Dog grooming is not simply an aesthetic bonus for our canine friends. Maintaining a regular grooming schedule will help to keep your dog both happy and healthy. Routine dog grooming will ensure that your dog is free of parasites, has healthy skin and a shiny coat, and has good dental health. Of course, the aesthetic benefits are also a plus. Only a true dog lover wants to be around a dirty, stinky dog with bad breath. Proper dog grooming will bring out the best in man’s best friend.
What’s Involved in Dog Grooming?
While dog grooming can be performed at home, the best results can be achieved via a professional dog groomer. A thorough dog grooming session takes care of all the hygienic needs of your dog. The grooming process generally takes a hour or two to accomplish, but the results are well worth the time spent. A typical dog grooming session consists of the following treatments for your dog:

How Often Should Dog Grooming Take Place?
The frequency with which your should groom your dog is dependent on the breed and coat quality of your dog. Some breeds are considered high maintenance in terms of dog grooming, while others need only periodic care. Before you purchase or adopt a dog, it’s a good idea to find out how much grooming it will require. A basic guide to dog grooming by coat type is as follows:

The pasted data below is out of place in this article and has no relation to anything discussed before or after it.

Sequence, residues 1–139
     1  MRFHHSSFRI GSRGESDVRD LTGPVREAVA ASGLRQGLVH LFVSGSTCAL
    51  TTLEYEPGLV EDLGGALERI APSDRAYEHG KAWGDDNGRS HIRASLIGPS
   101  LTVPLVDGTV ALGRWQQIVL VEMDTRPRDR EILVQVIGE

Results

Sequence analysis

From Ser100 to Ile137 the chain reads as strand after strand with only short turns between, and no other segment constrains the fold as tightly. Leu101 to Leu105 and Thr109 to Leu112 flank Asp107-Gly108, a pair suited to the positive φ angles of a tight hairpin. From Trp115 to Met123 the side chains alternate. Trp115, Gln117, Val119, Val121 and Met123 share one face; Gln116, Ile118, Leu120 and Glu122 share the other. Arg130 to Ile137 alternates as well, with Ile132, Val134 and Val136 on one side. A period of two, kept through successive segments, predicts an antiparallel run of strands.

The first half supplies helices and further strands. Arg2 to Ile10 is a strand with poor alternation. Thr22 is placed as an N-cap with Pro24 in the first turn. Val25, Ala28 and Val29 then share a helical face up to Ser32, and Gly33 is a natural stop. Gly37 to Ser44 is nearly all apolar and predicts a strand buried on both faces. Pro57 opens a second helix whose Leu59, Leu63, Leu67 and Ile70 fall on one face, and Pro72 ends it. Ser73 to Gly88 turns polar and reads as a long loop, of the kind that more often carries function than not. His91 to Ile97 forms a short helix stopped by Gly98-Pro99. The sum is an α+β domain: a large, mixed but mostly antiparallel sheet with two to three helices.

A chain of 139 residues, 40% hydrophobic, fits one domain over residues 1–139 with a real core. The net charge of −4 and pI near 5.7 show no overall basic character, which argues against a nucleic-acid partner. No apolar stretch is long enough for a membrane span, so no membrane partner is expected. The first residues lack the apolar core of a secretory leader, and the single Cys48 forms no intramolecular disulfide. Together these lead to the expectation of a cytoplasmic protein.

• Curly-Coated – Dogs such as Poodles have a dense and curly coat that is fairly resistant to water. These dogs will require dog grooming at least once every two months, or six times a year.
  • Short-Coated – Dogs with short dense coats, such as Corgis and Boxers need a weekly brushing, but do not need to be bathed more than once or twice a year unless a problem arises.
  • Long-Coated – Long coated dogs, such as Collies and Sheepdogs, require a daily brushing to keep their coats in good condition. Additional dog grooming including regular bathing, should be administered once every other month.
  • Silky-Coated – Afghans, Cocker Spaniels and Pekinese dogs belong to the silky coated dog group. These dogs require daily brushing and a thorough dog grooming session four times a year.
  • Wire-Coated – Wire coated dogs require considerable dog grooming. Dogs such as Terriers and Schnauzers should be bathed every three months and have their coat clipped every six to eight weeks.

Whatever type of dog you own, it’s important to see that proper grooming is maintained for the health and happiness of your canine companion.

By: Paolo Basauri